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Attributed to Adam Emory Albright, American (1862-1957)

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Directory: Fine Art: Paintings: Oil: N. America: American: Pre 1920: Item # 1257387

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SUSQUEHANNA Antique Company, Inc.
3216 O Street, N.W.
Washington, D.C. 20007
(202) 333-1511

Guest Book

$3500.00

Attributed to Adam Emory Albright, American (1862-1957)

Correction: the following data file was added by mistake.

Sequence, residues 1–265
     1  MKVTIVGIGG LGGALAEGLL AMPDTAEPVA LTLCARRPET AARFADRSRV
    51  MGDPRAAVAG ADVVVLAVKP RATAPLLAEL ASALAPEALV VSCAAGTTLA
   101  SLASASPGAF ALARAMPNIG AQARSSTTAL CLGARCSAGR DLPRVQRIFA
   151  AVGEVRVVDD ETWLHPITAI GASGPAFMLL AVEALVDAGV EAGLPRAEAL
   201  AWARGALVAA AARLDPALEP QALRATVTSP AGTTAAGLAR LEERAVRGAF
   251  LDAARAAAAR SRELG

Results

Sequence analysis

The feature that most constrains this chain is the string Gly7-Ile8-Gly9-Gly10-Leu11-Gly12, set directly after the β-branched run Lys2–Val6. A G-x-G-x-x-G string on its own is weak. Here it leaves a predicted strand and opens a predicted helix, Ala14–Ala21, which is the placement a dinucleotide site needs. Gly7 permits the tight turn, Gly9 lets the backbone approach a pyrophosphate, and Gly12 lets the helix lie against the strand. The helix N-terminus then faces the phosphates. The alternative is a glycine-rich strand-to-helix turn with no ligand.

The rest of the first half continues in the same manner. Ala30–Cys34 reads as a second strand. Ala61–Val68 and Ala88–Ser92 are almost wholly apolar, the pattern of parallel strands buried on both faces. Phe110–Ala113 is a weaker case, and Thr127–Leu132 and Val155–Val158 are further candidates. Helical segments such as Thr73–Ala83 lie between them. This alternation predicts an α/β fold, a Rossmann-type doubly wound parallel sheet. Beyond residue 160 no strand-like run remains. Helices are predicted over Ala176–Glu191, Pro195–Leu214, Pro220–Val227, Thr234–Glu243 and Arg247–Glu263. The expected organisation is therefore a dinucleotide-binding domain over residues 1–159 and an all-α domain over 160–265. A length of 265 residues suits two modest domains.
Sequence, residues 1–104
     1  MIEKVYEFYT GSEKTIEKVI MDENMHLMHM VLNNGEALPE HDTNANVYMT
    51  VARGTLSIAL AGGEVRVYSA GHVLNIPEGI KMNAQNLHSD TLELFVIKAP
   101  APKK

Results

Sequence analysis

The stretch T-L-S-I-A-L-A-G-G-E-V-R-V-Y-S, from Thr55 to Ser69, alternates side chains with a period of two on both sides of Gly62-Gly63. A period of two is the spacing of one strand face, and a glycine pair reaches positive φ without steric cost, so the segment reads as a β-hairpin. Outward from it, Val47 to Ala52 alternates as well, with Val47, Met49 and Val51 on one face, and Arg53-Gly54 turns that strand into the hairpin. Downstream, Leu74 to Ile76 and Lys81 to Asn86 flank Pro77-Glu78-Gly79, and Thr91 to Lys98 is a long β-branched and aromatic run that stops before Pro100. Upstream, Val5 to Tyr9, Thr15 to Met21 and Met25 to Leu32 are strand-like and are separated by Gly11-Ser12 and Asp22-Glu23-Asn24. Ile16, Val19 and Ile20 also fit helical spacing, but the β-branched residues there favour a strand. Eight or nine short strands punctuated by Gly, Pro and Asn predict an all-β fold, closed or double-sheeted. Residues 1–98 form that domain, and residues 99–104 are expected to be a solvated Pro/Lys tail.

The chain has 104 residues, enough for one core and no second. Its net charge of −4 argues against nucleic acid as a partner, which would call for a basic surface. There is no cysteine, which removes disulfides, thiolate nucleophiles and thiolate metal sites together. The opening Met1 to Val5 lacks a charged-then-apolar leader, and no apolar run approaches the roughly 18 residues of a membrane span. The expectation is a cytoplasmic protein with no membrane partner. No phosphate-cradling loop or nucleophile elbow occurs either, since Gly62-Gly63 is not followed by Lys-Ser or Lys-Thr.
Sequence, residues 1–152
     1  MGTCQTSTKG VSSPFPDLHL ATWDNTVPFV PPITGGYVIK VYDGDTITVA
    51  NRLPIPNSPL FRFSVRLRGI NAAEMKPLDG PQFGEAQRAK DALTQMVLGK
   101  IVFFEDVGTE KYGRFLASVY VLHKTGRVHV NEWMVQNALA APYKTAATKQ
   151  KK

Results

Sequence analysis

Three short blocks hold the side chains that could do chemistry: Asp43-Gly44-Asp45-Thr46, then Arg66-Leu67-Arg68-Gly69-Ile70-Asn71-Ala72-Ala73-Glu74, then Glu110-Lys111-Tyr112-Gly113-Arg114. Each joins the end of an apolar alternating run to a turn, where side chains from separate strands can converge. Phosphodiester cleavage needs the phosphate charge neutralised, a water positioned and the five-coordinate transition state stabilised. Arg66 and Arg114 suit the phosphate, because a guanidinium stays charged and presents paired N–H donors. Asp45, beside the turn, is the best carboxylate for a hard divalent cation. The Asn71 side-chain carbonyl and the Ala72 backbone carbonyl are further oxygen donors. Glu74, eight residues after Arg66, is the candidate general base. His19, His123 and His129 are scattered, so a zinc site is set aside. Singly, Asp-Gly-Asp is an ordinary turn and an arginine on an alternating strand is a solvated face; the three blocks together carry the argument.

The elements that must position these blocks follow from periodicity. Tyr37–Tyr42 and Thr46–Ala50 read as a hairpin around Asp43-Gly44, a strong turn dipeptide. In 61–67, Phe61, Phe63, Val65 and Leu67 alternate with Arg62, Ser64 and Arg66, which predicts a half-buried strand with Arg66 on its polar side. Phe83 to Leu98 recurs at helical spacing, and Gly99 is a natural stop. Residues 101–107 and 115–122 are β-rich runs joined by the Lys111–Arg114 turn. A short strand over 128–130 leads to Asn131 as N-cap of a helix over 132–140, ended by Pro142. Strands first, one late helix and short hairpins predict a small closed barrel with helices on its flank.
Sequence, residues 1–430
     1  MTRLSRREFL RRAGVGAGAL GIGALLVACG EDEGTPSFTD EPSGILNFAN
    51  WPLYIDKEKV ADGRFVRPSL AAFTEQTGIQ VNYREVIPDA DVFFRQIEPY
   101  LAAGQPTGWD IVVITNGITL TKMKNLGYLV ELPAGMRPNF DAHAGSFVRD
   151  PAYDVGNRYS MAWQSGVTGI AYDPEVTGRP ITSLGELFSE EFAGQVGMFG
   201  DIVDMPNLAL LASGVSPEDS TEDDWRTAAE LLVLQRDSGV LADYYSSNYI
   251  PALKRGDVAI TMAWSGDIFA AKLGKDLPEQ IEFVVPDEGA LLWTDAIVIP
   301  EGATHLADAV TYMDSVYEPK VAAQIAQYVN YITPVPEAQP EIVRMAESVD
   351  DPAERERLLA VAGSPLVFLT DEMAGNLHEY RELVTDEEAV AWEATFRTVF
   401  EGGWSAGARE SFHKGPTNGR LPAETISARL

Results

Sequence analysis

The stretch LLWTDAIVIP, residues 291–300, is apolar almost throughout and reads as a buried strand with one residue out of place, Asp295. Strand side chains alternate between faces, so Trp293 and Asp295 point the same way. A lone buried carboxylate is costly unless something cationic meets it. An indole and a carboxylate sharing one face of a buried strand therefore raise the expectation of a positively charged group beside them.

Oil on canvas, unsigned. Image size 24" x 32", frame size 32" x 41. Bio from AskArt.com: Born in Monroe, Wisconsin, Adam Albright was one of the first students at the newly established Art Institute of Chicago from 1881 to 1883 and went on to become a noted landscape, still life, and figure painter, especially of country children. Likely some of his earliest work was done in Kansas because he was a graduate of Kansas University. His style was Impressionism mixed with Realism, and strongly opposing the Modernism of the early 20th century, he said: "They give you boiled squash with a mule's foot on it and call that art." (Richter 24) At the Chicago Art Institute, he was a student of Henry Fenton Spread and John Vanderpoel. He also studied at the Pennsylvania Academy of Fine Arts from 1883 to 1886 with Thomas Eakins, and in Paris with Benjamin Constant and also in Munich. He established his studio in Chicago in 1888 and became President of the Chicago Watercolor Club and was a member of the Chicago Academy of Design. Apparently early in his career, he chose his subject of juvenile subjects for which he became famous, and after the Columbian Exposition when he was exposed to Impressionism, his work became more colorful and sun filled. From 1908, he spent many summers at the art colony of Brown County, Indiana, and from 1917 frequently spent winters in Arizona where he painted desert landscapes and figures. He was a teacher at the Albright Atelier, in Lamar, Missouri and also lived in Winnetka and Warrenville, Illinois. About him, William Gerdts wrote: "No other Chicago artist's work was so widely exhibited at the Art Institute; . . . A constant flow of articles appeared about the artist and his work, all praising his innate sympathy with childhood and with the rural environment and referring to him as the 'James Whitcomb Riley of the Brush.' " (Art Across America, Vol 2).


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